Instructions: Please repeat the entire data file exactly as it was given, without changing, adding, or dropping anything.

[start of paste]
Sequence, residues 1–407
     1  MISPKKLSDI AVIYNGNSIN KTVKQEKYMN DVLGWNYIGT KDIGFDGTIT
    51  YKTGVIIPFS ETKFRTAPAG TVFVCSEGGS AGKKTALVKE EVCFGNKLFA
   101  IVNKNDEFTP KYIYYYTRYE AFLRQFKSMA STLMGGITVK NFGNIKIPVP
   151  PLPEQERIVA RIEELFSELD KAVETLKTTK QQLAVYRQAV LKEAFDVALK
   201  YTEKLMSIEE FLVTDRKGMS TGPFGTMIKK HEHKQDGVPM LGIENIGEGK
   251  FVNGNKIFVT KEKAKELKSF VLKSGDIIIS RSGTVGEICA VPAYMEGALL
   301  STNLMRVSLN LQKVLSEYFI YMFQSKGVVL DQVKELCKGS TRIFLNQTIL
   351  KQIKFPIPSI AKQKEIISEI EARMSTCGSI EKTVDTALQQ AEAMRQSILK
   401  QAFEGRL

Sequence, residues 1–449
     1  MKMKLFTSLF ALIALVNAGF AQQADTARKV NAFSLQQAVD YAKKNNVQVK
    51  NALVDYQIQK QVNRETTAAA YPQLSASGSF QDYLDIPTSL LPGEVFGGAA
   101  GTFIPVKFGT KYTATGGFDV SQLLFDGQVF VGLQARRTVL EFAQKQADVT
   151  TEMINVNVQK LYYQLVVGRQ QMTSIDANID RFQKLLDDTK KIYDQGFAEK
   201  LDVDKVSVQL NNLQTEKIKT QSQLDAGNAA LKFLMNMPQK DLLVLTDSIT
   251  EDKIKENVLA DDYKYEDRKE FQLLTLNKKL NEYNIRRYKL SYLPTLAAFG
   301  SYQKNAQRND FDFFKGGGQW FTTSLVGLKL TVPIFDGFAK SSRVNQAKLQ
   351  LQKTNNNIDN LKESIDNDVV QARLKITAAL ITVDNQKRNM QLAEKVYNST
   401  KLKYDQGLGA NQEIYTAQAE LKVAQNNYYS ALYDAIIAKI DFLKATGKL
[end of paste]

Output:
Sequence, residues 1–407
     1  MISPKKLSDI AVIYNGNSIN KTVKQEKYMN DVLGWNYIGT KDIGFDGTIT
    51  YKTGVIIPFS ETKFRTAPAG TVFVCSEGGS AGKKTALVKE EVCFGNKLFA
   101  IVNKNDEFTP KYIYYYTRYE AFLRQFKSMA STLMGGITVK NFGNIKIPVP
   151  PLPEQERIVA RIEELFSELD KAVETLKTTK QQLAVYRQAV LKEAFDVALK
   201  YTEKLMSIEE FLVTDRKGMS TGPFGTMIKK HEHKQDGVPM LGIENIGEGK
   251  FVNGNKIFVT KEKAKELKSF VLKSGDIIIS RSGTVGEICA VPAYMEGALL
   301  STNLMRVSLN LQKVLSEYFI YMFQSKGVVL DQVKELCKGS TRIFLNQTIL
   351  KQIKFPIPSI AKQKEIISEI EARMSTCGSI EKTVDTALQQ AEAMRQSILK
   401  QAFEGRL

Sequence, residues 1–449
     1  MKMKLFTSLF ALIALVNAGF AQQADTARKV NAFSLQQAVD YAKKNNVQVK
    51  NALVDYQIQK QVNRETTAAA YPQLSASGSF QDYLDIPTSL LPGEVFGGAA
   101  GTFIPVKFGT KYTATGGFDV SQLLFDGQVF VGLQARRTVL EFAQKQADVT
   151  TEMINVNVQK LYYQLVVGRQ QMTSIDANID RFQKLLDDTK KIYDQGFAEK
   201  LDVDKVSVQL NNLQTEKIKT QSQLDAGNAA LKFLMNMPQK DLLVLTDSIT
   251  EDKIKENVLA DDYKYEDRKE FQLLTLNKKL NEYNIRRYKL SYLPTLAAFG
   301  SYQKNAQRND FDFFKGGGQW FTTSLVGLKL TVPIFDGFAK SSRVNQAKLQ
   351  LQKTNNNIDN LKESIDNDVV QARLKITAAL ITVDNQKRNM QLAEKVYNST
   401  KLKYDQGLGA NQEIYTAQAE LKVAQNNYYS ALYDAIIAKI DFLKATGKL